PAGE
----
The concept of negligence is really a foundational one for personal injury law. In many cases, it’s the basis upon which injured parties are able to recover personal injury damages from at-fault individuals. But how is negligence defined? Simply put, negligence is a failure to behave in a way that comports with the actions of a “reasonable person” under the same set of circumstance. Negligence often include actions but may also include acts of omission.

(Understanding the Pre-trial Phases of a Personal Injury Claim)

The difference, however, between a simple accident (due to vehicle malfunction, for instance) and an act of negligence is something called “standard of care” or “duty of care.” Standard of care is commonly understood as the level of care or responsiveness or attentiveness a reasonable person  would provide in the same situation, whatever that is.

For instance, a reasonable person driving on the roadways is expected to have their attention tuned to the roads and road conditions for their own safety and the safety of others. However, a driver whose attention is split between the road and a smartphone is failing to provide the standard of care to other drivers and pedestrians on the roads. As such, should that driver hit a pedestrian while browsing their smartphone, they could be liable for personal injury damages based on negligence and failure to provide the standard of care while behind the wheel.

When deciding fault in negligence cases, juries consider whether the defendant owes a duty of care to the plaintiff in the circumstances surrounding the accident in question. It’s important, then, to know just what the defendant understood the situation they encountered to be at the time of the accident.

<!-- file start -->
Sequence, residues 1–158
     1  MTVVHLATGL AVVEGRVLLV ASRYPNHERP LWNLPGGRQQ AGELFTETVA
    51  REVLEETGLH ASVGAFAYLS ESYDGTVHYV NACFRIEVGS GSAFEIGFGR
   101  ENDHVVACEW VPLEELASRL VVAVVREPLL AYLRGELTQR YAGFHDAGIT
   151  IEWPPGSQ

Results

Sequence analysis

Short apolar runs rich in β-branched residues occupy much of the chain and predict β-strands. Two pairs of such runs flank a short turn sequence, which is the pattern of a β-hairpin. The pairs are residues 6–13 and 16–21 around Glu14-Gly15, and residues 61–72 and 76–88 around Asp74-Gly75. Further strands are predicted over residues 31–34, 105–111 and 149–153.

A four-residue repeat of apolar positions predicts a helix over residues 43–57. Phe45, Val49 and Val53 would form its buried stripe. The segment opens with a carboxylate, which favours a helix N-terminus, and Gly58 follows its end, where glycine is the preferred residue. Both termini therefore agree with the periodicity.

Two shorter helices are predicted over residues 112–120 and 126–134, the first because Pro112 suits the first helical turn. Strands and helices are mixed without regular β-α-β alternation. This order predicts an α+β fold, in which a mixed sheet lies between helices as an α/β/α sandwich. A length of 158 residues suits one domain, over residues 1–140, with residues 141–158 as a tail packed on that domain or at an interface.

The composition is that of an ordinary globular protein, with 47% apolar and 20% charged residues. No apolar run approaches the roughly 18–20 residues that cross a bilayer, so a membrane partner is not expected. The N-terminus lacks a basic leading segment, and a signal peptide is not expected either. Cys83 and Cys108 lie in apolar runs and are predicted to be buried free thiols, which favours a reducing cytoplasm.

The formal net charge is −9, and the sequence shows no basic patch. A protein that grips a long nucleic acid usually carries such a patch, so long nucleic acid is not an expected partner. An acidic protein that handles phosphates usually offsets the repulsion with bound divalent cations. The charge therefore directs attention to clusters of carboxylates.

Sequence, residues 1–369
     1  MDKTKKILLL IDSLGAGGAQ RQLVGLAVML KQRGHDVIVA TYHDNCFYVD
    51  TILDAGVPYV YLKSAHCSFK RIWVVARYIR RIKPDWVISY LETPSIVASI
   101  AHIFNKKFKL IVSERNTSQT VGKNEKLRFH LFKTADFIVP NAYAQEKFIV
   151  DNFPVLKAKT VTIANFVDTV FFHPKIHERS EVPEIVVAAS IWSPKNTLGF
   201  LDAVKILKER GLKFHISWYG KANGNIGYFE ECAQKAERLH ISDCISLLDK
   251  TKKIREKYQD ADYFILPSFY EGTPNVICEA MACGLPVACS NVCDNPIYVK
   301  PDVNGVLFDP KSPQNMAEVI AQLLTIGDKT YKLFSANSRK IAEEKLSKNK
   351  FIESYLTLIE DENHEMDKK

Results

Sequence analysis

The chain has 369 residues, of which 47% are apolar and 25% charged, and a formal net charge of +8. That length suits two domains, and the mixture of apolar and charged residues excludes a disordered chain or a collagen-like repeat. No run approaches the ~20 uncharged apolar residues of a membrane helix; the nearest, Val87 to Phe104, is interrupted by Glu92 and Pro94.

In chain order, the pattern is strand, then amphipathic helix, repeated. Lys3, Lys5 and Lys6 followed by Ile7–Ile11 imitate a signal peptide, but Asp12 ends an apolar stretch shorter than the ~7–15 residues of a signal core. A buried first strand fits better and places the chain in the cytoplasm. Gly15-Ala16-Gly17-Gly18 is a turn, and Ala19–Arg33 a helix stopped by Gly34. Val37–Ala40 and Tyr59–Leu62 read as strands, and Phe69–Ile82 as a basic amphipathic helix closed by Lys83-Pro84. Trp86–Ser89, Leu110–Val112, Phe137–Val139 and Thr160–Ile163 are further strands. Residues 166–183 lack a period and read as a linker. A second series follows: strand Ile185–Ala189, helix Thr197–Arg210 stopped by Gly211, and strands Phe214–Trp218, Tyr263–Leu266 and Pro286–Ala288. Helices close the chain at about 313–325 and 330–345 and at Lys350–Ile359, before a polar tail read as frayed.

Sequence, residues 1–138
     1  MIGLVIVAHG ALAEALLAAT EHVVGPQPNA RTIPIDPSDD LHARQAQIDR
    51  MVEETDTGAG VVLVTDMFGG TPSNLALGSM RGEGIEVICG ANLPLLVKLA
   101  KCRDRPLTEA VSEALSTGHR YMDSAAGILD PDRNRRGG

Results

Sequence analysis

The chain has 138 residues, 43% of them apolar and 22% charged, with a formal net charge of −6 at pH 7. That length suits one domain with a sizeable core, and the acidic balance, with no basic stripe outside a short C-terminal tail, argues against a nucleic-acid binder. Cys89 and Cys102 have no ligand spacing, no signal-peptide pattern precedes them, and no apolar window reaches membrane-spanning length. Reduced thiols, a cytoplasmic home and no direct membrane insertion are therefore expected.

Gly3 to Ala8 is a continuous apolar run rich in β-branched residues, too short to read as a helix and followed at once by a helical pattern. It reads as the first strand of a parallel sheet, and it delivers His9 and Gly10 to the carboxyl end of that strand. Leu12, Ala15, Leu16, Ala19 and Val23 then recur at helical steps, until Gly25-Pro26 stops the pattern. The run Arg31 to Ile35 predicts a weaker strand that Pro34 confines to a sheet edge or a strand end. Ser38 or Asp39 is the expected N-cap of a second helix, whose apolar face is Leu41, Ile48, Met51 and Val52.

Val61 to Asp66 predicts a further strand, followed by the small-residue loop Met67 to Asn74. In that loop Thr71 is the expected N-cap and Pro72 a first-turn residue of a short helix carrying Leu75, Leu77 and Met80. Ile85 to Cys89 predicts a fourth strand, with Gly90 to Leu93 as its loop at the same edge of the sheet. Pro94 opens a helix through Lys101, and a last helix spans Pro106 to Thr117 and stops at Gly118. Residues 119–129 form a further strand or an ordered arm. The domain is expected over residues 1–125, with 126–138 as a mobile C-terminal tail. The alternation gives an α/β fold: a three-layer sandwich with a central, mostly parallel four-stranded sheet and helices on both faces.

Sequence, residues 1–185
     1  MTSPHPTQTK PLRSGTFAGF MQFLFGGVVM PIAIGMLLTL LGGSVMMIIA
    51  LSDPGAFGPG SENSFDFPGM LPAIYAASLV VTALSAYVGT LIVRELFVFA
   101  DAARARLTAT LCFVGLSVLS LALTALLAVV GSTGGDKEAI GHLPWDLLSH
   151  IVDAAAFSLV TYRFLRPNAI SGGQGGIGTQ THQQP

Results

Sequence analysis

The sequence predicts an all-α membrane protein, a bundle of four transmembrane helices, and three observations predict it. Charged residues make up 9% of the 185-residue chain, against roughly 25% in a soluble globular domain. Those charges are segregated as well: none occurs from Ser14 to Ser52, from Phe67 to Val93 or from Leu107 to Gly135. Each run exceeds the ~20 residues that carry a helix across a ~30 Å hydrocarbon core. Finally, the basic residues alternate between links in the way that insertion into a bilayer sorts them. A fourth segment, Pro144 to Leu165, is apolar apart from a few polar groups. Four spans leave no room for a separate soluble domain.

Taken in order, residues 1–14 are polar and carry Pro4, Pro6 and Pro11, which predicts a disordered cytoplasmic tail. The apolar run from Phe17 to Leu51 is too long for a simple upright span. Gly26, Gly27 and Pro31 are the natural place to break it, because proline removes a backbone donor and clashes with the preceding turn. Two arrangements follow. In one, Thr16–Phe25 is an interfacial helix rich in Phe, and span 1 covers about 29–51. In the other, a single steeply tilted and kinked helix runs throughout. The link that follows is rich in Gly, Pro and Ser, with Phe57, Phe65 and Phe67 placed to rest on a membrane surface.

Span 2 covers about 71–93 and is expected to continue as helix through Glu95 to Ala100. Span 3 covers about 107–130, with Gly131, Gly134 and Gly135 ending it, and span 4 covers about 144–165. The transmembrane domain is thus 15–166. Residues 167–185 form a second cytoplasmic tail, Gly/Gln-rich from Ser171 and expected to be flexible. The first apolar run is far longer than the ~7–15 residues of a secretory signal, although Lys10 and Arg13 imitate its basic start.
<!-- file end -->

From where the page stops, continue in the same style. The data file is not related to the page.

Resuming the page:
For instance, if a worker on a construction site understands that a sidewalk near adjacent to the site is accessible by foot traffic, and yet he or she carelessly tosses bricks from a scaffolding above, he would likely be considered negligent should injuries result because of his failure to practice care in light of the knowledge that pedestrians were within close range of the work site where we was tossing bricks.

However, should the walkway adjacent to the scaffolding be blocked off with clear, visible signage that the street was blocked to foot traffic due to construction, and the worker tossed brick down understanding that people were not allowed to access that space, yet a man ignores the signage and walks around the construction barriers and is ultimately injured by falling bricks, juries could find the defendant(s) was not indeed negligent because they had no duty of care to an individual they were not aware had trespassed onto the construction site.

It’s important to understand that the proving of negligence also hinges on what a reasonable person might do under the same conditions as those in the accident in question, but also what knowledge that individual had about the circumstances at hand.  These can all be factors in proving negligence and winning compensation for personal injury damages when standard of care is breached.

(Understaning How Failure to Yield Leads to Personal Injury on the Road)

If you’re looking for a Chicago personal injury lawyer who is always accessible and attentive to your needs as a client, call Bizzieri Law Office in Chicago at 773.881.9000. We work hard to recover the highest award damages in your case and we don’t get paid unless we recover compensation for you in your case.